Of "Asian" flus and global cues…
With no "bottom" after the 10% decline over the past fortnight, the Indian markets are at it again – down 3.2% as we write! Indian equities are seemingly having a case of the Asian flu: benchmark indices in Japan, Singapore, Malaysia, China and Taiwan have just closed in the red (see graph below). These markets, in turn, are taking the "global" cue from a 1% decline witnessed in the US markets on Friday.
Fears of an economic slowdown in the US, China's proposed leash on speculative domestic capital and the realisation that the Indian economy is in an 'overheated' mode, have seemingly shaken investors belief whether the Indian stockmarkets, after a 4-year dream run, are actually a pretty 'risky' place!
A slowing economy….
We shall reiterate what we have been saying with respect to the economy overheating and the hanging sword of rising capital costs globally (and in India). We believe that there is a high probability that the Indian economy will slow down as the RBI is (correctly) determined to keep inflation under control by increasing interest rates and slowing demand.
…does not change our view.
Well, we are not surprised by the attempts by the RBI to slow the economy! We continue to believe that the Indian economy will grow at a rate of 7% to 7.5% per annum on a long-term sustainable basis. We continue to believe that earnings of India Inc. will grow at 15% per annum on a long-term sustainable basis. So do not get confused about the noise that will be created over a slower growth rate in the US economy or by the selling of FIIs that may cause the market to decline shaprly (as it did in May June 2006).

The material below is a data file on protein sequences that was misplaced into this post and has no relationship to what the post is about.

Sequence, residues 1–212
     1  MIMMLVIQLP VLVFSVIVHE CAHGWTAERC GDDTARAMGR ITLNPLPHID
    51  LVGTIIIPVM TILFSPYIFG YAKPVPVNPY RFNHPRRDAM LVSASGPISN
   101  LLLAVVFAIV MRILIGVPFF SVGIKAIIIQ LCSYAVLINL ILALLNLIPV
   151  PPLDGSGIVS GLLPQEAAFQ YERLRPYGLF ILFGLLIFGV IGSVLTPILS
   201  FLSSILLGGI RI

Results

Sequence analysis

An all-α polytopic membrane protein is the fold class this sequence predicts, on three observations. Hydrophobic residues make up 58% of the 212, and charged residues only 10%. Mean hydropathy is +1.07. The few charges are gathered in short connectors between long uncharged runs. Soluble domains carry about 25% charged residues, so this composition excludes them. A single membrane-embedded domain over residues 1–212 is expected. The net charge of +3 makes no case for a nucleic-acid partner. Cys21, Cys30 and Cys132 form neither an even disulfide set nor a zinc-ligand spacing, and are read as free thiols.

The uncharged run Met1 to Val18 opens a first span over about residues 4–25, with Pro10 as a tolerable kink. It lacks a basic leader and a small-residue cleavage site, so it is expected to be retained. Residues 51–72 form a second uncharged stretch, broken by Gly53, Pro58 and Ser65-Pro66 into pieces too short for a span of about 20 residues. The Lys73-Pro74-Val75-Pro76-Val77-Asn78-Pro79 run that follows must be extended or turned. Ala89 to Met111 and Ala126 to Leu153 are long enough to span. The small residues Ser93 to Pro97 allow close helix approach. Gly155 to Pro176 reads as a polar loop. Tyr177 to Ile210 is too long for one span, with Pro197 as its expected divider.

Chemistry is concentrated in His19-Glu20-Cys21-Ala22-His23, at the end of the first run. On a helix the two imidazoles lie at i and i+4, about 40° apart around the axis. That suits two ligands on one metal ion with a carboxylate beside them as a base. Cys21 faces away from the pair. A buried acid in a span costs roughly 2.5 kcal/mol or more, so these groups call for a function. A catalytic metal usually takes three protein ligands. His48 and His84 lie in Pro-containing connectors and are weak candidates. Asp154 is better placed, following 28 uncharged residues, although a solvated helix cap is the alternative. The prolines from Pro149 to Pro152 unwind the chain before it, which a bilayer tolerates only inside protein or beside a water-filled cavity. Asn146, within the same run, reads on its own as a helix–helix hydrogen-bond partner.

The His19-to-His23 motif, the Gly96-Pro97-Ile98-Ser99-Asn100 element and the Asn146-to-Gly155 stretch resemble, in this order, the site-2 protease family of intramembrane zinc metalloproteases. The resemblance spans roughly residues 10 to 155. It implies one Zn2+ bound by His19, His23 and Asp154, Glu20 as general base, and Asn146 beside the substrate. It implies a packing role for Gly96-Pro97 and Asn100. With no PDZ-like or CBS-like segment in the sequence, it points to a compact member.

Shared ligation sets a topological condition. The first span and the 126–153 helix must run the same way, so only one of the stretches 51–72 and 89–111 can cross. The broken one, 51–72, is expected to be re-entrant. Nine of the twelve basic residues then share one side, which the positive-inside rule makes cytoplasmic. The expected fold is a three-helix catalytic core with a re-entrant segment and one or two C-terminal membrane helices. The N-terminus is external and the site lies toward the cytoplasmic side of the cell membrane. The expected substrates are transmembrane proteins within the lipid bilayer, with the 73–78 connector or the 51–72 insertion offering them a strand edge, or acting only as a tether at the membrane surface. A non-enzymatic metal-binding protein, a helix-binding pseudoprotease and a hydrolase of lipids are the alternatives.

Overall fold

Focus on your portfolio, and your ability to take risks
The effect of a slowing economy will vary by sector: capital goods companies will possibly see a slowdown in orders; but technology companies may not be affected. However, the global decline in stock markets may see a further sell-off in Indian share markets. But do not let these near-term swings and "bull" and "bear" markets rattle you. There is a way to be immune to all the noise about the Asian flu and global cues. The smartest and most successful investors in the world tend to ignore such volatility and always invest with a long-term perspective – they are never concerned about the daily movements in stock prices
The events of the past week should have given you ample reason to reassess your portfolio exposure. The specific stocks you own (click to read our view on large-cap and mid-cap stocks) or the mutual funds you own ( meet a Personalfn representative ) must have a risk-return profile that suits your financial goals and your risk-taking ability. Never gamble in stocks and mutual funds, always invest rationally.
Markets: You are not alone!
"It's only when the tide goes out that you learn who's been swimming naked." - Warren Buffett
Did your stocks survive last two week's plunge? No? Well, you were not alone to have taken the hit! Data compiled for CNX Nifty stocks show that, during the period from 2nd February 2007 to 2nd March 2007 (28 days), all 50 of them lost ground, with the Nifty itself losing 11% during this period. What more, 23 of these (or 46% of the pack) are down on a yearly basis as well! As for the BSE-Sensex, all 30 stocks ended the 28-day period in the red.
Nifty: Top 10 losers
02-Feb-07 02-Mar-07 Change 52-Week H/L
VSNL 505 360 -28.8% 516 / 300
Grasim 2,811 2,097 -25.4% 2,940 / 1,455
Hindalco 184 138 -25.2% 251 / 133
Jet Airways 786 600 - 23.6% 1,058 / 475
Guj. Ambuja 143 110 -23.1% 153 / 70
OBC 219 174 -20.5% 280 / 139
MTNL 169 135 -20.1% 229 / 123
ACC 1,041 854 -17.9% 1,195 / 601